The Redheads are coming!
That has never been truer when we take the time to realize the treasure that we have right now with the Sedins.
Henrik Sedin & Daniel Sedin have taken more than their fair share of criticism, especially in the Stanley Cup Finals, but I firmly believe that the loss of Dan Hamhuis to injury then, coupled with inconsistent goaltending and a lack of a physical presence, was what really ended the Vancouver Canucks’ chances to win the Stanley Cup.
There is not the slightest chance of a Swedish snowball in hell that Vancouver would have come within a wispy Mason Raymond whisker of making the final without the twins.
Over the past few games, including the last two match-ups with both highly placed Detroit and Minnesota, we have been treated to the Sedins at their best.
Their skilled forward play keys the rest of the team offensively, and, with their improved back checking, the team’s play has dramatically climbed from the depths of the early season.
There are several elements of their game that cause the redheaded step children to stand out.
Just call it Sedinery.
Puck Possession and the ability to create space
Powerful teams in sports cannot dominate games unless they dominate possession of the ball or puck.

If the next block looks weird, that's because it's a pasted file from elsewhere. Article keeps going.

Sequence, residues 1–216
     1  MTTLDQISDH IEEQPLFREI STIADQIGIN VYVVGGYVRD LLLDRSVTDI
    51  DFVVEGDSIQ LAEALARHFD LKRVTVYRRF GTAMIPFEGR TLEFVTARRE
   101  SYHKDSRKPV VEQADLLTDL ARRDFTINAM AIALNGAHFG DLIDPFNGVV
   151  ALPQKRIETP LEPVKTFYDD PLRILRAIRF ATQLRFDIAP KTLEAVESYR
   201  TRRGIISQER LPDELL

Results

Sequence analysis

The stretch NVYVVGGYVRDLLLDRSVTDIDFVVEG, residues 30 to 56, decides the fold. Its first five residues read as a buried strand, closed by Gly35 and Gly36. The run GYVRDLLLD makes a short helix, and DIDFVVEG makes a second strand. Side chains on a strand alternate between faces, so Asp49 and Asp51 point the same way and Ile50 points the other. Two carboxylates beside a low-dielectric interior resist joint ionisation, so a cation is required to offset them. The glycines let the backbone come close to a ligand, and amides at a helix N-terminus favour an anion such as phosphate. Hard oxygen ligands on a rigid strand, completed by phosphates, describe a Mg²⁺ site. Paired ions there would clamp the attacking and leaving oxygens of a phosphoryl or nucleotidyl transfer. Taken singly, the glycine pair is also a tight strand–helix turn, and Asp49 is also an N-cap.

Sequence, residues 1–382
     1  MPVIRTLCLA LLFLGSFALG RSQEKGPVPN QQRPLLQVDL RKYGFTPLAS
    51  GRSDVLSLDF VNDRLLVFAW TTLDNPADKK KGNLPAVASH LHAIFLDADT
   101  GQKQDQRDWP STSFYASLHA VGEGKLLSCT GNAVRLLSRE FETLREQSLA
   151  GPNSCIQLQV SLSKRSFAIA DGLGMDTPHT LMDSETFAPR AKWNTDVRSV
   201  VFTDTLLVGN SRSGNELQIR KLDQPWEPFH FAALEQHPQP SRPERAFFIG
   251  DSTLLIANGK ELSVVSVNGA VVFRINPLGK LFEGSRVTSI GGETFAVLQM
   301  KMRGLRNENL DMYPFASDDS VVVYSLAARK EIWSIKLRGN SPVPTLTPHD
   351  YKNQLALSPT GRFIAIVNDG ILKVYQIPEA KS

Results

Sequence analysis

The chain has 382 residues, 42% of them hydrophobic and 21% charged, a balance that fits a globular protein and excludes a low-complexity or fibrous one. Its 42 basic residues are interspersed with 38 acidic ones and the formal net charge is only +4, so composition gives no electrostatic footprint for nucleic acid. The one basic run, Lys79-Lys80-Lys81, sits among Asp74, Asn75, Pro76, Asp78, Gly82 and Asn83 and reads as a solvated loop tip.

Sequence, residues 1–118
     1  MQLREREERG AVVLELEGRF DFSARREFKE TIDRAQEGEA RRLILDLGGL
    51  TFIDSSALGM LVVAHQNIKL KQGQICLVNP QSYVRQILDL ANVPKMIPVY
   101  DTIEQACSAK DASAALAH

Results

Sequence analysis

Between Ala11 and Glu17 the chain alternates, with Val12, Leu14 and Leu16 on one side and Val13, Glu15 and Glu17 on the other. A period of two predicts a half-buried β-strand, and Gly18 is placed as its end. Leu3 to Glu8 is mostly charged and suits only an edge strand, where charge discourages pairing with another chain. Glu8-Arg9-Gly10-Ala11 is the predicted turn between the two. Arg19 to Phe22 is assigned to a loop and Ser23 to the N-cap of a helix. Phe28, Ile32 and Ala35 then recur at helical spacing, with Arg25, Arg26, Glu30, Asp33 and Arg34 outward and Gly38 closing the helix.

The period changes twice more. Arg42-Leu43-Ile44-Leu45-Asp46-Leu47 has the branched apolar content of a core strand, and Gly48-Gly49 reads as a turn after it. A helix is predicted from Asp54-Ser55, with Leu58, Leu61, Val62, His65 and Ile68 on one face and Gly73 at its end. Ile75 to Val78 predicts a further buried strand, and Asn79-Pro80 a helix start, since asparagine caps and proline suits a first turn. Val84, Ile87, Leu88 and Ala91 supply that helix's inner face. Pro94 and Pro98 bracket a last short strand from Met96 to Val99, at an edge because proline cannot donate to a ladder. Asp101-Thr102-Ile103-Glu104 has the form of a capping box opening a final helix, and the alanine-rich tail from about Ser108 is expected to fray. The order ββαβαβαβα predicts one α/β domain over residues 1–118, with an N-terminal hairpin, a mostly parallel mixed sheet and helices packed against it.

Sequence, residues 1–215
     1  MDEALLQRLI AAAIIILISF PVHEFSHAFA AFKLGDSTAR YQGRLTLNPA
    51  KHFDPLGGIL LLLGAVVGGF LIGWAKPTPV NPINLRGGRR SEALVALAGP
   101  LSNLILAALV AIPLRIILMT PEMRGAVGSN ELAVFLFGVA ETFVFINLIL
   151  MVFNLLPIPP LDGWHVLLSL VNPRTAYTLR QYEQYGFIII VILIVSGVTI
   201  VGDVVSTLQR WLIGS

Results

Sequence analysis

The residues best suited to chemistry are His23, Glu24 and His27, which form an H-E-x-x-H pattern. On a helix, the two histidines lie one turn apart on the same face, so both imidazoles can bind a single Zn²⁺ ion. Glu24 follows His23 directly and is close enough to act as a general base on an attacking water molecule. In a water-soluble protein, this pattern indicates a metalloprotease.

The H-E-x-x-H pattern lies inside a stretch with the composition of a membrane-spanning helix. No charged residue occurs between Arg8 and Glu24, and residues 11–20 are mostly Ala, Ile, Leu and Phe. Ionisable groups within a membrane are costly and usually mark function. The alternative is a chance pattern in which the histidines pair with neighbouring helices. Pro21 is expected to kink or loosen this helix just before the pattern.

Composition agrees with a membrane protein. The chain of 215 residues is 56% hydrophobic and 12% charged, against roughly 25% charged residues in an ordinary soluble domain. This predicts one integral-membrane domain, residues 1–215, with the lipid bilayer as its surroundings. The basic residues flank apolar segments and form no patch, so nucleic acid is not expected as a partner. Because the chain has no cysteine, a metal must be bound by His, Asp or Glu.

The outstanding franchises of the past couple of years such as Barcelona’s all-time great soccer team, the Green Bay Packers football squad, and Kobe’s basketball Lakers all excel at gaining and maintaining possession.
The Sedins allow Vancouver to play a similar theme. Their patented cycling game, utilizing delayed passes, nifty feints and pauses, causes opponents to skate desperately around their own zone, thus opening up lanes and space for other Vancouver players to work within.
Ability to bring other players into games
This skill at manufacturing space is critical because it gives lesser talented teammates the opportunity to find time and room to set up their shots. It is no wonder that seemingly any player added to their line starts to see a very satisfactory leap in their goal tallies.
Jannik Hansen is already at a career high in goals this year thanks mainly to a productive stretch on the twins’ line, with Burrows out, that raised the Dane’s confidence and that has carried on to his third line place.
Burrows himself was a third tier pro, in the ECHL, who has used his innate chemistry with the Sedins to cement his status as a top player in the NHL.
Thinking on the fly
The speed of thought exhibited by the twins is also indispensable as it allows them to maintain an air of unpredictability.
For instance, the 4-2 victory over Detroit last night featured an inventive headed pass of the puck by Daniel into the Detroit zone to avoid an offside. This uncertainty keeps opponents on their toes, preventing them from clamping down on any one aspect of the Sedin’s play.
Wearing out top defensive pairs
The upshot of Henrik and Daniel’s domination is that their ability to occupy and wear out the opposing lead defensive pair gifts the strong Kesler and Cody Hodgson led second and third lines to skate against weaker defensive adversaries.
Hodgson in particular is profiting greatly from his exposure to the bottom defensive pairings and has piled up the points this year.
As Henrik and Daniel resume their customary places at the top of the scoring race, the team is improving in kind.
The Canucks appear to potentially have added to their depth and, led by their Sedinery, are creating another fine season.